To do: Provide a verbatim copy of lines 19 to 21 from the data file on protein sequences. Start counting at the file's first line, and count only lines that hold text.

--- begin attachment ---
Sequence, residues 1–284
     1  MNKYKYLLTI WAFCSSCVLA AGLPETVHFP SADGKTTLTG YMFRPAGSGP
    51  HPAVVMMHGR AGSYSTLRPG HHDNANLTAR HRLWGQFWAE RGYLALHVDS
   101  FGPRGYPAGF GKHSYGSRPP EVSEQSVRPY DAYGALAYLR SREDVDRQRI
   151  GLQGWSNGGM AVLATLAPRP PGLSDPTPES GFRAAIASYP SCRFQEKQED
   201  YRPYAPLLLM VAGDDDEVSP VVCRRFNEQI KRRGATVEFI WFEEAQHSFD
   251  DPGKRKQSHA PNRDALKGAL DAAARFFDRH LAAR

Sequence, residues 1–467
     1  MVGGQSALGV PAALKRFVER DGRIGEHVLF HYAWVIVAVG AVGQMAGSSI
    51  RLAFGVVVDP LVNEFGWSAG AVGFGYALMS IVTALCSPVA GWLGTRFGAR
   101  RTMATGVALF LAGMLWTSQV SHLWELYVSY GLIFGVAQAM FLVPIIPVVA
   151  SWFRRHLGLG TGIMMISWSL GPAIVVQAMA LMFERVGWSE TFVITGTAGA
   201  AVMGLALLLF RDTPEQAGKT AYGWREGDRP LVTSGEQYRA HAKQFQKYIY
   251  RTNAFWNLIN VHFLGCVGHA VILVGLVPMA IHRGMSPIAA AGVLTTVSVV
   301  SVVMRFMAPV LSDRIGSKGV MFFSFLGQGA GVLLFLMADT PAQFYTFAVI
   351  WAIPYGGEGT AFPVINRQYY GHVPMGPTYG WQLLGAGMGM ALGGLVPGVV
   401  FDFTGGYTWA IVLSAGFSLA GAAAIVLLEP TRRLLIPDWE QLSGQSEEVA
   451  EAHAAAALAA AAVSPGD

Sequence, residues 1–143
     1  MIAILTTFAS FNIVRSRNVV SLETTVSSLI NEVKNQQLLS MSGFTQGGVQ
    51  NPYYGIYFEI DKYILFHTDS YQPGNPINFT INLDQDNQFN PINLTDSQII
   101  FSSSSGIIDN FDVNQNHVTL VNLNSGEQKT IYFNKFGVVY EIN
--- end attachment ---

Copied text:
Sequence, residues 1–143
     1  MIAILTTFAS FNIVRSRNVV SLETTVSSLI NEVKNQQLLS MSGFTQGGVQ
    51  NPYYGIYFEI DKYILFHTDS YQPGNPINFT INLDQDNQFN PINLTDSQII